One Minute Torah – B’har 5779

At the end of this piece comes a tough request. To frame that request, I am revisiting a story I shared in a One Minute […]

At the end of this piece comes a tough request. To frame that request, I am revisiting a story I shared in a One Minute Torah two years ago.

Over a decade ago, I dropped my cell phone in a taxicab on my way to the airport. Returning it to me wasn’t easy. But eventually the driver got it back to me, along with his business card. From that time on, whenever we needed a ride to the airport we called that driver directly, rather than calling the dispatcher.

When I started commuting weekly to Los Angeles for rabbinical school, that driver offered to take me home from SJC every week for $20. He’s Israeli and, aside from the good deal on the car ride, I appreciated the opportunity to talk Hebrew with him. I soon struck up an affectionate friendship with him. I learned that he was a veteran of the Yom Kippur war, and had endured in that war suffering that no one should know about. I also learned that he went on to have many interesting life experiences, successes and failures.

Now he was living with 6 little dogs in an illegal trailer, parked on a friend’s property in east Palo Alto. He was paying a very small amount by Silicon Valley standards, but what would be a respectable rent for a nice apartment in many parts of the country. Considering that his trailer didn’t have running water (he used a garden hose), it was hard to consider it a good deal.

One day, he called to tell me his landlady no longer wanted him on her property. He had no place to no go.  The waiting lists for affordable housing are years long. And that’s without pets, but his attachment to those dogs is stronger than any I’ve seen. His situation seemed desperate, and I made a crazy offer. I spent two days clearing out our garage, and he and the dogs moved in.  

I sometimes reflect on the emotional impulses that drove me and my husband to take this man in, beyond simple affection. His heroism in the Yom Kippur war was part of it: he had suffered so much for the country I love from afar. Also pulling on me were the stories I grew-up with, of “righteous gentiles” who took in Jewish refugees. Many times I had asked myself the question, would I be willing to take someone in?

Those feeling of debt were also coupled with a set of values that are at the heart of this week’s parshah. The parshah’s name is B’har, on the mountain, as it opens with the words “God spoke to Moses on the mountain of Sinai, saying.” The revelation of Sinai cracked open our notions of property.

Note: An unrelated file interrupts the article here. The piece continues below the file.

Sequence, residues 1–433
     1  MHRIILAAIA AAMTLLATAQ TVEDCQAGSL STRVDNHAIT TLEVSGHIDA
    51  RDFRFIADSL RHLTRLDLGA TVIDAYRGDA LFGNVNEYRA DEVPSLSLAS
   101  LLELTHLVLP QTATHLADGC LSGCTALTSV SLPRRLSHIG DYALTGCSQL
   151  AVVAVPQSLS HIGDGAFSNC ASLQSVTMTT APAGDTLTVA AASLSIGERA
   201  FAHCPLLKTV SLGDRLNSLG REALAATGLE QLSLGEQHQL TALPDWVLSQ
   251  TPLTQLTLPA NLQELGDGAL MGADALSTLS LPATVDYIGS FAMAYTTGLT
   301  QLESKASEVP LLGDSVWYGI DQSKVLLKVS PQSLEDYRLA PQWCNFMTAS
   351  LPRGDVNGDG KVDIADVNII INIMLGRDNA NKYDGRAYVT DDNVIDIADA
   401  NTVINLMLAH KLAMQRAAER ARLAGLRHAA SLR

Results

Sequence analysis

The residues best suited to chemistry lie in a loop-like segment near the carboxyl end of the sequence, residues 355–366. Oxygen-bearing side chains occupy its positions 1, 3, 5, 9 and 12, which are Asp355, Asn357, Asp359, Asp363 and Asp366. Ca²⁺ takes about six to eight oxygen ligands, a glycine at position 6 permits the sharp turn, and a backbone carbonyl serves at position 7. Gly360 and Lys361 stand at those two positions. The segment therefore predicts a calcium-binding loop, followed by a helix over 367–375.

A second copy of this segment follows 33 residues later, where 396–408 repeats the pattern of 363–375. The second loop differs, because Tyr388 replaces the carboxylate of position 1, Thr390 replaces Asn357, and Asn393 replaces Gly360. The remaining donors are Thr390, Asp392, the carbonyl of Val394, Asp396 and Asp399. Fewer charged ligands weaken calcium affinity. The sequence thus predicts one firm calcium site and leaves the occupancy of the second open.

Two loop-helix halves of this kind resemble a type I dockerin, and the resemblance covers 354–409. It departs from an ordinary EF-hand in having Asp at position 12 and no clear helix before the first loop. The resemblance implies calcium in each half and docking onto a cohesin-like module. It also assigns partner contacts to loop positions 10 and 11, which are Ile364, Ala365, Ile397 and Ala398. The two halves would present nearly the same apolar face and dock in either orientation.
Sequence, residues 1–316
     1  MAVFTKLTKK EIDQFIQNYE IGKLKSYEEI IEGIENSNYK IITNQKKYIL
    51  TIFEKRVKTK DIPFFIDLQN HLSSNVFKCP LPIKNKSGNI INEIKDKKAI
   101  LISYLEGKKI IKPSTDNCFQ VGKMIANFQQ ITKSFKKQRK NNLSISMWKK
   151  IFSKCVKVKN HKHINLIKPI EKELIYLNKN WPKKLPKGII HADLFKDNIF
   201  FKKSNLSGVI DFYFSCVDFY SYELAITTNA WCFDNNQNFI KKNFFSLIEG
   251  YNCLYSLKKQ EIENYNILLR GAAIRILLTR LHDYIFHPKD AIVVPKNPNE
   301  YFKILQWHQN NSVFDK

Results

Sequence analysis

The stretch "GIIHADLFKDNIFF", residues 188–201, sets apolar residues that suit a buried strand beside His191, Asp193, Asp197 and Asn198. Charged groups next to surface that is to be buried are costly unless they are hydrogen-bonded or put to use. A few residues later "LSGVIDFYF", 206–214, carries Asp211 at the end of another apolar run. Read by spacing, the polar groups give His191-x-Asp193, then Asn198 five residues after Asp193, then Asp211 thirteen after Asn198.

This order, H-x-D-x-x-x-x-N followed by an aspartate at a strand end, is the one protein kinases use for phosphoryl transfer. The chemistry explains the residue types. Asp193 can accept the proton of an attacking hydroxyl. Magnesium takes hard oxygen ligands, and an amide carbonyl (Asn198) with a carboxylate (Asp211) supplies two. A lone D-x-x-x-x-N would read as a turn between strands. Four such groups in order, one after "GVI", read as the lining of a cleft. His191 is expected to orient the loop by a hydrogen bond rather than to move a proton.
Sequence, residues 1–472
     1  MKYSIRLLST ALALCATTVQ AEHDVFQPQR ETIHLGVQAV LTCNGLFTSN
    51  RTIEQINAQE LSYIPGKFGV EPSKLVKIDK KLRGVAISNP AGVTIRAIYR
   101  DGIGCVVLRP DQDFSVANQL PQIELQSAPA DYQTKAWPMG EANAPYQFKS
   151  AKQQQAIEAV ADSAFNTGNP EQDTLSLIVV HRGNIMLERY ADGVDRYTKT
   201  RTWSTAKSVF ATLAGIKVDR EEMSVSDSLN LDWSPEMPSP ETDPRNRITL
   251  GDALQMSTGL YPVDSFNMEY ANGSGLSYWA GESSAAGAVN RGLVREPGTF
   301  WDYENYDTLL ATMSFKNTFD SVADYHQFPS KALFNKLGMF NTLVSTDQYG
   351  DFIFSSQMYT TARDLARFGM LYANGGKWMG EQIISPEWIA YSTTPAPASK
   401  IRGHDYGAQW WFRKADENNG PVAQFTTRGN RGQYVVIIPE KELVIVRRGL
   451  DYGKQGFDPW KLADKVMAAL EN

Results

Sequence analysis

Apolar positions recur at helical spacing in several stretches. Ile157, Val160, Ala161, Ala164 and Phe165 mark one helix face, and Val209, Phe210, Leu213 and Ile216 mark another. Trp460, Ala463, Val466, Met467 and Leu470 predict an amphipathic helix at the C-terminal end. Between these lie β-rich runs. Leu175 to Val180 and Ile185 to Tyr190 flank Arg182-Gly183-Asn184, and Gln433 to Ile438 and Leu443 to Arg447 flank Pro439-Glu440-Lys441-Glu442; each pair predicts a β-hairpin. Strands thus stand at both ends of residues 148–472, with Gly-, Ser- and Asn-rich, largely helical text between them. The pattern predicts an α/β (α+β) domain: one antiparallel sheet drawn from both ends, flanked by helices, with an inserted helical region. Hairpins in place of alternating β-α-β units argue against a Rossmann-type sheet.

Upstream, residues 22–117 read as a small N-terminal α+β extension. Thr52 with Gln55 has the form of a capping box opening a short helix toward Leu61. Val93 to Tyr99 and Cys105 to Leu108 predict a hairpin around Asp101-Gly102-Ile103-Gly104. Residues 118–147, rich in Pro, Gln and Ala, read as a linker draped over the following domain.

B’har  includes a section on slavery, with an admonition to treat your slaves compassionately, and to release them  on the Jubilee year. You think your slaves belong to you, but they do not. “They are My servants..for I am Adonai your God” (Lev. 25:55).

B’har also includes a section on land ownership, with the demand that every seventh year the landowners are to neither cultivate nor harvest their lands. What grows naturally in the Sabbatical year is free for all to take. You think your land belongs to you, but it does not. “It is My land, for you are tenants with me” (Lev. 25:23).

I have an office at CBJ. No one else can walk into my office, sit at my desk and type on my computer without my permission. But I understand that my office belongs to me only at the grace of the CBJ community, and only because you trust me to use it for the good of the community.

The homes we live in, the bodies we inhabit, belong to us in much the same way. No one is allowed to enter our homes or touch our bodies without our permission. But they are ours only at the grace of God, and with the trust that we will use them to do good. When we give of ourselves generously and openly, welcoming outsiders into our homes, sharing our resources with those in need, we are simply using God’s loans as we should.

Silicon Valley is in a housing crisis. I get emails and phone calls regularly about individuals desperate for housing.  Sometimes it’s a member of the Jewish community, reaching out to me personally as a rabbi. Sometimes it’s a clergy colleague, writing on behalf of a member of their community.

Sometimes the need is for a long-term, stable situation. And sometimes, it is just for a few months or even weeks, while the individual receives medical treatment, or waits for paperwork to process on some form of government support.

Can you help? If you have a room you are willing to rent or loan; a garage you are willing to open to a guest; or time to hold someone’s hand as they search, let me know. May God’s blessing be upon you and your home.